We dare not criticize her for the decision to end her life, especially in a culture that allows physically healthy children as young as 12 to choose euthanasia as long as they parental consent and a doctor’s recommendation.

Obviously, in her mind, she was fighting a losing battle against her pain and saw no possible way of escape. And the only difference between Noa and thousands of other young people who commit suicide is that she chose to do so through a government system. But it is that system that must be criticized.

A System That Offers Death Instead of Hope

It is a system that does not rally around a victim and say, “One way or another, we will find a way to help you. One way or another we will help you to get to the route of your agony and find a lasting cure.”

Instead, the system says, “If you are deeply depressed and utterly hopeless, the solution is death. All your troubles will go away.”

Is this how we treat human life? Do we put people to sleep, like dogs and horses, because their emotional pain is deemed insufferable?

CBS News reported in August, 2017 that, “Euthanasia has become a common way to die in the Netherlands, accounting for 4.5 percent of deaths, according to researchers who say requests are increasing from people who aren’t terminally ill.

“In 2002, the Netherlands became the first country in the world that made it legal for doctors to help people die. Both euthanasia, where doctors actively kill patients, and assisted suicide, where physicians prescribe patients a lethal dose of drugs, are allowed. People must be ‘suffering unbearably’ with no hope of relief — but their condition does not have to be fatal.”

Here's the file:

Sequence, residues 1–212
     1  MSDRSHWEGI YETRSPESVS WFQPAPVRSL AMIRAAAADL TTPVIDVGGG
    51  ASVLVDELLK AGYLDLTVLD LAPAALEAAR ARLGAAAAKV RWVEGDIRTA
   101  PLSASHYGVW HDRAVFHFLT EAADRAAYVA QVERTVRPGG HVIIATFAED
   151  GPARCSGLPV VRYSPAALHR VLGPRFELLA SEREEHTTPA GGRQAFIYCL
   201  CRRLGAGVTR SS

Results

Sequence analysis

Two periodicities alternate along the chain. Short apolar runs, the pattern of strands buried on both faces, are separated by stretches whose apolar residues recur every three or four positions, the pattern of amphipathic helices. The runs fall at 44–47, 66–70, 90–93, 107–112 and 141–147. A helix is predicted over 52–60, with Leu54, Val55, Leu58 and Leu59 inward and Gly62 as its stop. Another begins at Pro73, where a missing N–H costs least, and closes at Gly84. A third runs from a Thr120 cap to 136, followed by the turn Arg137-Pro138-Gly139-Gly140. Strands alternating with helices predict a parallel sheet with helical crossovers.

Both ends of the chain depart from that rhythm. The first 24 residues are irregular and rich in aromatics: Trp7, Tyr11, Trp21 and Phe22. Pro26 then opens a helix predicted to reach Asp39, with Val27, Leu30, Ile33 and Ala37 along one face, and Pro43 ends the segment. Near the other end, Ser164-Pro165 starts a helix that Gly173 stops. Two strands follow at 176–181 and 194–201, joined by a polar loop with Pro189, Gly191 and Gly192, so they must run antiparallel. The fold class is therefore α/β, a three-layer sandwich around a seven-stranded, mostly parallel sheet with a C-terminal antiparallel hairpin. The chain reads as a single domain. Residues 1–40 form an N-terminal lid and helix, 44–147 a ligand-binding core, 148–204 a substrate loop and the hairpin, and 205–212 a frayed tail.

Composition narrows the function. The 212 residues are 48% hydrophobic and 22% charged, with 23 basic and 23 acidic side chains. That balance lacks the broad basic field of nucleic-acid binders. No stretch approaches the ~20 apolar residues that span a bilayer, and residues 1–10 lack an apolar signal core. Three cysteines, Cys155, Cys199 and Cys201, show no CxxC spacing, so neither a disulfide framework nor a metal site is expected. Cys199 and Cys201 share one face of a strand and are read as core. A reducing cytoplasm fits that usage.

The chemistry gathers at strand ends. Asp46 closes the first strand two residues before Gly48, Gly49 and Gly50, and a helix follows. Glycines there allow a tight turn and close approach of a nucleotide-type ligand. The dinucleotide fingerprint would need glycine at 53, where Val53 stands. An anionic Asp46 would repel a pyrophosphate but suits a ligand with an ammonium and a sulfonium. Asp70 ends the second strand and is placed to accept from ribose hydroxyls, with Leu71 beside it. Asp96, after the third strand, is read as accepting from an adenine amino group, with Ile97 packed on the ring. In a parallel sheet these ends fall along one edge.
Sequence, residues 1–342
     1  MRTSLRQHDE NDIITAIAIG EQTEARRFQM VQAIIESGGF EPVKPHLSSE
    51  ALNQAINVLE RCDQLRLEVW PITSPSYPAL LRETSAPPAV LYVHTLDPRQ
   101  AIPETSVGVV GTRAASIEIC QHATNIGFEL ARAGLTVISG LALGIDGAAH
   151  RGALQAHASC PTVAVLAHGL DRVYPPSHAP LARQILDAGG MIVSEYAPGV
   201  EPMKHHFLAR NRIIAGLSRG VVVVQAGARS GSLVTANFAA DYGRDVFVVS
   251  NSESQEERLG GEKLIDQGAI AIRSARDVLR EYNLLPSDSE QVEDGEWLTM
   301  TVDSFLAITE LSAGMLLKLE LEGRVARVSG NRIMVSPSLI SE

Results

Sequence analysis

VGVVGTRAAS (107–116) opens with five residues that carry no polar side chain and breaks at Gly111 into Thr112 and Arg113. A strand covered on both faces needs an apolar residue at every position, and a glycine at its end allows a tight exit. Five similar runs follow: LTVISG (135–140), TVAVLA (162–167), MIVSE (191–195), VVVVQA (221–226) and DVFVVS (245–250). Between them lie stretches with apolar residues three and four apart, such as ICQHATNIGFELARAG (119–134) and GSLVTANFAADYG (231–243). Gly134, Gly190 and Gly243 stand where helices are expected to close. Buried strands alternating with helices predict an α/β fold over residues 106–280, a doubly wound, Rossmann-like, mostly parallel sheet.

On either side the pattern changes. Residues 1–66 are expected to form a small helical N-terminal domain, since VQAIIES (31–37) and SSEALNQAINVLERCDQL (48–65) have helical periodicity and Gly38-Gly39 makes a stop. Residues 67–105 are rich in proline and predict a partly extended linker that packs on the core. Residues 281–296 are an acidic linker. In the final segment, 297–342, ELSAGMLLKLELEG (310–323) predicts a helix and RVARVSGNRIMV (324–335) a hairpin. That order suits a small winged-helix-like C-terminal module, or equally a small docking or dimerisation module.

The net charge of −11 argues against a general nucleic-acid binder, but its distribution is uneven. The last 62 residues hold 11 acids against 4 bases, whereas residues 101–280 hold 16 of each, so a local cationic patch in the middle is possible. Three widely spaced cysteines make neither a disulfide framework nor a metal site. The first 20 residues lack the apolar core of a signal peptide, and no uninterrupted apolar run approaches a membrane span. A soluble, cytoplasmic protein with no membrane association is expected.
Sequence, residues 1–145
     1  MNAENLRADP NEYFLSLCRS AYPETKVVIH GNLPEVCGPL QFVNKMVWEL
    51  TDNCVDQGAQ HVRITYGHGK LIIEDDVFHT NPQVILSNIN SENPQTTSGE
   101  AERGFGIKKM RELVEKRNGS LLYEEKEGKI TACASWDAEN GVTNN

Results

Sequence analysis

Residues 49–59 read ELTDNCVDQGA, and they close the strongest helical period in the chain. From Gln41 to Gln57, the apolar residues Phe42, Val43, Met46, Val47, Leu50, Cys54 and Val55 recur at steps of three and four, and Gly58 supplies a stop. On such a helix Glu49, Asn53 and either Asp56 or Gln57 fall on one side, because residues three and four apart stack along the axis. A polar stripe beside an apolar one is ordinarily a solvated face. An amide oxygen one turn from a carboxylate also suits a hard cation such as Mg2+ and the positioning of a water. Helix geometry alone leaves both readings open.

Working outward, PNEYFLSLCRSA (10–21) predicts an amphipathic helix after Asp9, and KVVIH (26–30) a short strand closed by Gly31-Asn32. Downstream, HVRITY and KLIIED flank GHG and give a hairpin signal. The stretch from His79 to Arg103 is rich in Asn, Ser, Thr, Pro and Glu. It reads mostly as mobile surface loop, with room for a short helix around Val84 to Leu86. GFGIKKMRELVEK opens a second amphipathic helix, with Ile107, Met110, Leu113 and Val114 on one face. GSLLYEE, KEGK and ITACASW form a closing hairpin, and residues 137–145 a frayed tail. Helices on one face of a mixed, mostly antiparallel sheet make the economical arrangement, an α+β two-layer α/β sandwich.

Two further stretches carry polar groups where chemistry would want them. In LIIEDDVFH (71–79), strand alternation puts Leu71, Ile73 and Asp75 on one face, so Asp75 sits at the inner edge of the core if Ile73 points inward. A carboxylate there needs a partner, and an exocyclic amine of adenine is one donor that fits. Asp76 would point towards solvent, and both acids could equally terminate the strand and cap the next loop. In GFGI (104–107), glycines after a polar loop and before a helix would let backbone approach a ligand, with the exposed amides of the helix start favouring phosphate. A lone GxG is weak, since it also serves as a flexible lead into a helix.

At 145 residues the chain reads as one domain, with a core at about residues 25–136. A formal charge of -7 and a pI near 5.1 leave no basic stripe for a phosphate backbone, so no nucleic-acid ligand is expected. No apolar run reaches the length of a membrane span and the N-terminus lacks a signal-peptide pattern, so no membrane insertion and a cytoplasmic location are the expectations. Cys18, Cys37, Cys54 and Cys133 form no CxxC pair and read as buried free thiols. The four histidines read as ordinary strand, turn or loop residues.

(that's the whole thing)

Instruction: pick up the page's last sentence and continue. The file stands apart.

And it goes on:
The CBS article cites Scott Kim, a bioethicist at the U.S. National Institutes of Health who raised concerns about the growing trend towards euthanasia.

“These are old people who may have health problems, but none of them are life-threatening. They’re old, they can’t get around, their friends are dead and their children don’t visit anymore. This kind of trend cries out for a discussion. Do we think their lives are still worthwhile?”

Is This What We Want?

All the more must we ask questions about the meaning (and value) of life when it is a young person choosing euthanasia. Was there really no better solution than physician-assisted suicide?

There is, of course, the gospel answer, and it is one in which all things are possible with God, in which hope springs eternal, in which Jesus heals the brokenhearted.

But there is also a societal answer which says to someone like Noa, “We care about you too much as friends and family to let you die.”

And that’s where we here in America need to stand back and do some serious soul searching, as more and more states open the door to euthanasia.

Let us look into the eyes of this 17-year-old whose life was first marred and destroyed and then taken away prematurely. And let us ask ourselves, is this what we want for our country? Are we sure?

As for those who were close to Noa, may they look to the Lord to find meaning and purpose and hope in the midst of their tragic loss. Perhaps there can be something redemptive about her story.